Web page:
Berlin’s Museum Island welcomes Summit participants and musical performances at Open Heritage Evening

In the evening of 21 June, the UNESCO World Heritage Site of Berlin’s Museum Island staged an exclusive Open Heritage Evening for participants of the European Cultural Heritage Summit. In the Colonnade Courtyard, which is surrounded by the Neues Museum, the Alte Nationalgalerie and the Pergamon Museum, around 500 delegates from all over Europe had the unique opportunity to visit the museums and listen to inspiring musical performances by the Love Tree Sharing Heritage Ensemble and the European Union Youth Orchestra (EUYO). This event provided an ideal platform for participants to network and discover Berlin’s significant cultural heritage.

Berlin Summit 2018 - Open Museum Night

In her opening address, Prof. Monika Grütters, Minister of State and Federal Government Commissioner for Culture and the Media, praised the European Year of Cultural Heritage (EYCH) 2018 and the need to sustain its legacy. “The pulse of Europe is loud and strong wherever the hearts of Europeans beat for Europe. So let us make sure, not only but especially in this European Year of Cultural Heritage, that the cultural richness of Europe and our common cultural heritage make hearts beat faster!”, she stated.

Prof. Dr. Hermann Parzinger, President of the Prussian Cultural Heritage Foundation and Executive President of Europa Nostra, and Prof. Dr. Michael Eissenhauer, Director-General of the Berlin State Museums, warmly welcomed the participants.

The evening continued with a networking festive reception and remarkable musical performances. On the outdoor stage, 11 musicians of Love Tree Sharing Heritage Ensemble, which was created on the occasion of the EYCH in Germany, performed European folk music from a diverse mix of traditions – ranging from Finland’s Karelia to Northern Ireland, the High Tatra and the Alps as well as sounds from Sicily and Portugal.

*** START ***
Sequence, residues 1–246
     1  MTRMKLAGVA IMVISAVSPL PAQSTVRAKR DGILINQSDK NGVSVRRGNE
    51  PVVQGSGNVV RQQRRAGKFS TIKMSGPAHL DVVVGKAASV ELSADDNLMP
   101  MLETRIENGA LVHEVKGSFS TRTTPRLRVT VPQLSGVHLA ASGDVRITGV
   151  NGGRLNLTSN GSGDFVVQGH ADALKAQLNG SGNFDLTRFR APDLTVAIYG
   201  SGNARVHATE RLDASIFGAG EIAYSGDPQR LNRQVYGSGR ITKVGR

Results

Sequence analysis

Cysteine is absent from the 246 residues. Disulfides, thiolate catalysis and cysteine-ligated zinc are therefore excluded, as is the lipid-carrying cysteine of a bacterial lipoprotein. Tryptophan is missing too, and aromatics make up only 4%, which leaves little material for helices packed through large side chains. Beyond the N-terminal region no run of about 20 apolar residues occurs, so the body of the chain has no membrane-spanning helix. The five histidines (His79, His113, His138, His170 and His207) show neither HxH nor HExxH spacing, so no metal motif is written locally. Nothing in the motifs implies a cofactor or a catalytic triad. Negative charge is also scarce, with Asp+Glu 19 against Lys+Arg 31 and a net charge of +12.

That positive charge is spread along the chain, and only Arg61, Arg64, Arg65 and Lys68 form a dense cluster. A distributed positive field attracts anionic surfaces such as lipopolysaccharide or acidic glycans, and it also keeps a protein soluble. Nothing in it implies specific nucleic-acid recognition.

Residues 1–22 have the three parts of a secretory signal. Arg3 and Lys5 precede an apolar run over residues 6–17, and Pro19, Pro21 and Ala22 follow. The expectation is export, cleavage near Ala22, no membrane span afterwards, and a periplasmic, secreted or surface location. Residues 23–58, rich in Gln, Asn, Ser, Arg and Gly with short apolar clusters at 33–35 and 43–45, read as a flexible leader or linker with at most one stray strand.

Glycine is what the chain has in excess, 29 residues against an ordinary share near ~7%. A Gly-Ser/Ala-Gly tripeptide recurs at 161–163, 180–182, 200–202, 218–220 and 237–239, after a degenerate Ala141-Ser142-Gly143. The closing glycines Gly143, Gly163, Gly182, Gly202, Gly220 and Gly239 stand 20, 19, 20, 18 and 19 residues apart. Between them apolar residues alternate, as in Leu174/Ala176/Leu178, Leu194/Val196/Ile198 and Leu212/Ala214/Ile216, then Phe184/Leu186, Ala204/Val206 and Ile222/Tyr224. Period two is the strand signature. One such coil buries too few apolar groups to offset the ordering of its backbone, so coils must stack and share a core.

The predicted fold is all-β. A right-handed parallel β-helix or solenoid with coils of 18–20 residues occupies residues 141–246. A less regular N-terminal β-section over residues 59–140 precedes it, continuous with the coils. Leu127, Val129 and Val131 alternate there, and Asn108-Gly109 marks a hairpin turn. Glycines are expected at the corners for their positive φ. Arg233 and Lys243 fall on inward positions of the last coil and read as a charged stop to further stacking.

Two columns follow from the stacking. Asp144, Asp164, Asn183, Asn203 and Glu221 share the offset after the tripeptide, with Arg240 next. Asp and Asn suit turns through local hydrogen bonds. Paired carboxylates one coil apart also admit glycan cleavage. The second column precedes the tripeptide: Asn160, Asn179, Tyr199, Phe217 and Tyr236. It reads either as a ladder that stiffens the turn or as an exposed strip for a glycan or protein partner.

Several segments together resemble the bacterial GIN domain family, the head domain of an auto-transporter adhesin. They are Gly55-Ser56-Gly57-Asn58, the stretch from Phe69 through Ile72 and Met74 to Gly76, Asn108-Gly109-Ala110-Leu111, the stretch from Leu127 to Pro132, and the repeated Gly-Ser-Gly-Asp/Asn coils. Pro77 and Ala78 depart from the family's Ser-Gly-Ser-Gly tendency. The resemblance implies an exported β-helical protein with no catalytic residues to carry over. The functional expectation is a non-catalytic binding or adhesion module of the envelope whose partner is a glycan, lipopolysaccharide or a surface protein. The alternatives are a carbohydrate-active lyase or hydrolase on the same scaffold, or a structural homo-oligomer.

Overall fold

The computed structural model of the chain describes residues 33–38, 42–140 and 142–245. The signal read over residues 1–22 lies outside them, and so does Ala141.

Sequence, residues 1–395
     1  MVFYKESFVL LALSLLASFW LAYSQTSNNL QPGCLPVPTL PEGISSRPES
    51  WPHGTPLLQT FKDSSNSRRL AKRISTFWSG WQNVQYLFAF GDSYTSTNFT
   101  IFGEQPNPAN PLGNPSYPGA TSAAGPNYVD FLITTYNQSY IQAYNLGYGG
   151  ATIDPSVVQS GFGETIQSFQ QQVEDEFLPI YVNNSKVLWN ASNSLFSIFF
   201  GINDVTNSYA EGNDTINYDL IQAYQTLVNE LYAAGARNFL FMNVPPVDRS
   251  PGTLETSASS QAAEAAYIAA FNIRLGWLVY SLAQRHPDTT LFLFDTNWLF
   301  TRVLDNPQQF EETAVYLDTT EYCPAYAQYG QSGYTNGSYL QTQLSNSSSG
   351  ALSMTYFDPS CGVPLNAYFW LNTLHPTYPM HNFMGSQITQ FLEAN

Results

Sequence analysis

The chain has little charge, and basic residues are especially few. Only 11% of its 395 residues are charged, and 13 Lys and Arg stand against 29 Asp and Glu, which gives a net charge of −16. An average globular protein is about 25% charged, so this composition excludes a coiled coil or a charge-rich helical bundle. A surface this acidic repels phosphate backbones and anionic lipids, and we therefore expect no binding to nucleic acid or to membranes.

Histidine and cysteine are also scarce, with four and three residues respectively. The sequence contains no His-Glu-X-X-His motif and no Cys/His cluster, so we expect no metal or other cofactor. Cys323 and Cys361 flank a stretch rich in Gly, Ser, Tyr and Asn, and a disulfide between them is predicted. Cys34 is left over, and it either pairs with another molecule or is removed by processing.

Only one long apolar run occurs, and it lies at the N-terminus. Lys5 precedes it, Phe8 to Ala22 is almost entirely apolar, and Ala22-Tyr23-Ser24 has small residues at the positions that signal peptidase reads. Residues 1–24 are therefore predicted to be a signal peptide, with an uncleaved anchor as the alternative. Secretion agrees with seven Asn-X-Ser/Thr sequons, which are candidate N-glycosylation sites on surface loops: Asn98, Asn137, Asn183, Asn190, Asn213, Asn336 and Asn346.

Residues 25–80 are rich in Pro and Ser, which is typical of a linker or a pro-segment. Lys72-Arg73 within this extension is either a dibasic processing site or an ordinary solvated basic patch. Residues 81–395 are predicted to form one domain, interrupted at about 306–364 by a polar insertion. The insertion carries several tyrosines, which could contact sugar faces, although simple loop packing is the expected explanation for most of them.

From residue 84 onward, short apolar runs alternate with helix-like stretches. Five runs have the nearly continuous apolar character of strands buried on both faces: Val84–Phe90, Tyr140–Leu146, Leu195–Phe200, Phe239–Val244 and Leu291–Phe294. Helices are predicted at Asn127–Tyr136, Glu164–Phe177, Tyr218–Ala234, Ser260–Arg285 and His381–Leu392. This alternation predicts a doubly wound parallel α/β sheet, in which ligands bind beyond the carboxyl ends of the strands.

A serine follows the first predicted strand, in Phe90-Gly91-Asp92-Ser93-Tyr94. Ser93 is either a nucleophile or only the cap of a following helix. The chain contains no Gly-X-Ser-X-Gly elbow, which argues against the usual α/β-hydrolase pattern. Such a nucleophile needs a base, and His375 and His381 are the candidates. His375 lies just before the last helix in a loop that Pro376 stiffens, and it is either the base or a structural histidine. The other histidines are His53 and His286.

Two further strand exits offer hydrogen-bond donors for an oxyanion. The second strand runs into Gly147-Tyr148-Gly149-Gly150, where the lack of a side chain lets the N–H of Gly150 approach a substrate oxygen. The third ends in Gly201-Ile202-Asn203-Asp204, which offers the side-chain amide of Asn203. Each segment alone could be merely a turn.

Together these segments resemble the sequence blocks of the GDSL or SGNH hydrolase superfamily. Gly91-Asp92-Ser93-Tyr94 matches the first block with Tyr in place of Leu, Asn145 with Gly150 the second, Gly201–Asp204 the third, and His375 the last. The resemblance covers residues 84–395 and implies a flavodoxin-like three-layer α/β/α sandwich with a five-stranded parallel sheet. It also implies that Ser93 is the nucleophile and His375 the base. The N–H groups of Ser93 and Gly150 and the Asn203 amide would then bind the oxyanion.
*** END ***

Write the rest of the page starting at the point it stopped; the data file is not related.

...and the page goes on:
The Neues Museum hosted exclusive performances by Dutch, German, Irish and Luxembourgish members of the European Union Youth Orchestra (EUYO). Scattered across several rooms in the museum, the musical programme included violin interpretations of Schubert, Shostakovich, Bach and Beethoven under the theme “From Struggle to Resolution”. As part of the EUYO’s “Cultural Heritage Music Gallery” project, this concert brought together the intangible sounds of iconic classical music and the tangible art exhibited in the museum.

The Open Heritage Evening was organised by the Prussian Cultural Heritage Foundation (SPK), Europa Nostra and the German Cultural Heritage Committee (DNK), with the support of the European Commission and the Representation of European Commission in Germany.

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